READERS REACT

Steve Jobs responds to GCN's iPad coverage, while Mac faithful howl

Apple CEO supports claim of 10 hours on a single charge

My column last week on the new iPad’s IPS display drew a raft of invective from the Mac faithful, who seemed to feel I had treaded on sacred ground for daring to question the 10-hour battery life claims made by Apple CEO Steve Jobs at the iPad’s rollout.

While preparing my response, I also heard from Jobs himself, who personally, and politely, reiterated Apple’s assertion that the iPad will run for 10 hours on a single charge. The iPad has yet to be released, of course, so the jury’s still out, but Jobs’ personal note does, I think, lend credibility to the claim.

As I was finishing this column, I e-mailed him to say that I didn’t mean to imply that he was lying during his iPad presentation, as several people accused me of in their comments. People make presentations written by marketers all the time that are not 100 percent truthful, and it doesn’t make them liars. I used the normal, publicly available e-mail address for him, not any of the special ways we press folks can sometimes get access. I figured that would be the end of it.

Surprisingly, in about two hours, Jobs responded. You could tell it was him, too. I suspect that people must scan that e-mail box and forward certain things over to him. There was even a typo in the reply, as if he were in a hurry. I had also mentioned that one of the comments submitted to my original article had been signed with his name.

Jobs’ response: “Sorry, [it] wasn't me. And, yes, we are getting 10 hours in 1.5 pounds.”

A brief response, but he was extremely nice about the whole thing. Heck, even taking the time to write back when I know he has plenty of other things to do makes him a good guy in my book.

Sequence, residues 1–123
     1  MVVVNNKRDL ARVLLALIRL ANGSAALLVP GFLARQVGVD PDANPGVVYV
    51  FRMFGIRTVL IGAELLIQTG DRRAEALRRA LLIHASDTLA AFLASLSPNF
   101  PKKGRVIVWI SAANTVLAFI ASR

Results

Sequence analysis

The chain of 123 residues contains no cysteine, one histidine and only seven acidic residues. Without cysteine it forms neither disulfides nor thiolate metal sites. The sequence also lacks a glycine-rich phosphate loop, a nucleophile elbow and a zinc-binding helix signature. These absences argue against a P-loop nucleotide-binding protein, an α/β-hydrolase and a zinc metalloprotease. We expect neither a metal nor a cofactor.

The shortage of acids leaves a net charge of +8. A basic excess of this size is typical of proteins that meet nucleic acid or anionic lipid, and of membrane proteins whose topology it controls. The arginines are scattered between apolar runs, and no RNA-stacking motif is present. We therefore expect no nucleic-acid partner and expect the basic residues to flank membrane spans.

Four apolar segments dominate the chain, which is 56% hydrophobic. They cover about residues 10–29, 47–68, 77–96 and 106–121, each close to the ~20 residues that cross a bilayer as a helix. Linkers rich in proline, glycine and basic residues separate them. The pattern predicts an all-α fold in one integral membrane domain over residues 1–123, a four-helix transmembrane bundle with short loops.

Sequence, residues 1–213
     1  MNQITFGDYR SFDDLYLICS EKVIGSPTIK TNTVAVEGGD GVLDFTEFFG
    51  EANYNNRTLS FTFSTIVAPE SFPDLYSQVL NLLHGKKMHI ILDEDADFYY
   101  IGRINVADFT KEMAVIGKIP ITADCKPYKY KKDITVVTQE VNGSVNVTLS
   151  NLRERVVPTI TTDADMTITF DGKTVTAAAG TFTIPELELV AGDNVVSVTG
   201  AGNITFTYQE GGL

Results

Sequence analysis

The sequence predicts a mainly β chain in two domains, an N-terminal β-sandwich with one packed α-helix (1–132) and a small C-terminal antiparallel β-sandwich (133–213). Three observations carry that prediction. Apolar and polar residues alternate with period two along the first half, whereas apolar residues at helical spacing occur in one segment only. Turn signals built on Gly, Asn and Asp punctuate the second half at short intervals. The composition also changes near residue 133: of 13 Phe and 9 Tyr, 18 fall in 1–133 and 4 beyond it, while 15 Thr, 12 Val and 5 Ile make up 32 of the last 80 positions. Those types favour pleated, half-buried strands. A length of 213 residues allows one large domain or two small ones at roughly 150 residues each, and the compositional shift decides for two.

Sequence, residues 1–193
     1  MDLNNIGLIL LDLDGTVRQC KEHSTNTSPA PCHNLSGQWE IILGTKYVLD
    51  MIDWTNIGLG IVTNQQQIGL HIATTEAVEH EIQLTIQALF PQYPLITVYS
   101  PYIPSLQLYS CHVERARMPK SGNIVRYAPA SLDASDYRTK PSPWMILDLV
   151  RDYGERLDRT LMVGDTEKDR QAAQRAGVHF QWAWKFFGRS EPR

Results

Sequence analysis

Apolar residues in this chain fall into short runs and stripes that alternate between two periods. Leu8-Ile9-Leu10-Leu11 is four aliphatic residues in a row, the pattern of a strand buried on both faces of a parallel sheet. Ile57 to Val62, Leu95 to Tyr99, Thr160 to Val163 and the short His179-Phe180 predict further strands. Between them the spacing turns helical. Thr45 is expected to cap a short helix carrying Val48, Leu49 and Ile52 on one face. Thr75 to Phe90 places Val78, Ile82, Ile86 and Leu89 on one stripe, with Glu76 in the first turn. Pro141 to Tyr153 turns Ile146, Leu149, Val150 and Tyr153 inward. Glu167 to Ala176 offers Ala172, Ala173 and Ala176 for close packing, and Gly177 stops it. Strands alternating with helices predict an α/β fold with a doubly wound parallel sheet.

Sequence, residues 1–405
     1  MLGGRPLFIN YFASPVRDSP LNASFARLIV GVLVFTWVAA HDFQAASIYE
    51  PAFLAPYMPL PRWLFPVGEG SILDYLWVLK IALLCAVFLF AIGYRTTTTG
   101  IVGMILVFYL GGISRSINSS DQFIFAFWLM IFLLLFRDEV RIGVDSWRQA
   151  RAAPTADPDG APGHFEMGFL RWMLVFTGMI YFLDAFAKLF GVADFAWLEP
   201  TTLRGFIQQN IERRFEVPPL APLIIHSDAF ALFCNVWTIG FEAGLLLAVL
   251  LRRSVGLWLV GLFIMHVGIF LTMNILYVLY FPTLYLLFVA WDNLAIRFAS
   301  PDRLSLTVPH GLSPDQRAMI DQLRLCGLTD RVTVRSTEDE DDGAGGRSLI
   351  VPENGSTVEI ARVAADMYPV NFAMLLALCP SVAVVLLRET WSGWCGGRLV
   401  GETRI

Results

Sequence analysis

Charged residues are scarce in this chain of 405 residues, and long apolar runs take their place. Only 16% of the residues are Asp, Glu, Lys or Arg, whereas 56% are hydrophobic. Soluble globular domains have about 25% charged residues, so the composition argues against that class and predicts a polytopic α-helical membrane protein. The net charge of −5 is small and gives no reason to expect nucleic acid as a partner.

Now, Steve Jobs, the CEO of Apple, saying something at a press conference is one thing. But Steve Jobs, the person, communicating with me directly and saying that he has witnessed the battery life claim himself raises the credibility level a lot. I told him I looked forward to testing it out in the lab soon. And I’m more hopeful than ever that Apple really has done something special with their new tablet.

(It’s also worth noting that Jobs actually uses the iPad — at the bottom of the e-mail was the tagline “Sent from my iPad.” Nice to see he walks the walk, too.)

Interestingly, Jobs’ was the most polite response I’ve gotten in this whole thing.

Mac users tend to go a little overboard when it comes to fan-boy fanaticism; I’m kind of used to it. When I reviewed the original Apple iMac and gave it an overall grade of, gasp, A-, they created the johnbreedensucks.com Web page, which, the last time I checked, no longer existed.

But I really didn’t think they would go to the walls this time. I made it clear in my article that I don’t have an iPad, and was basing my opinion on years of testing devices in the GCN Lab aimed at the handheld market. If Apple truly has some amazing new technology that lets a 1.5-pound unit drive a power-hungry IPS display for 10 hours, then I’ll be the first to sing their praises.

Battery-life testing in the lab is actually one of the simplest things we do. We load up a movie clip and set it to constantly repeat. We set the screen brightness and sound levels at 80 percent. We disable wireless if a device has it, check to make sure power is at 100 percent, then pull the plug and start the timer. We repeat this long process three times and take the average for our final score, although most of the time all three results are in about 10 seconds of each other. What we end up with is close to a worst-case scenario look at battery life.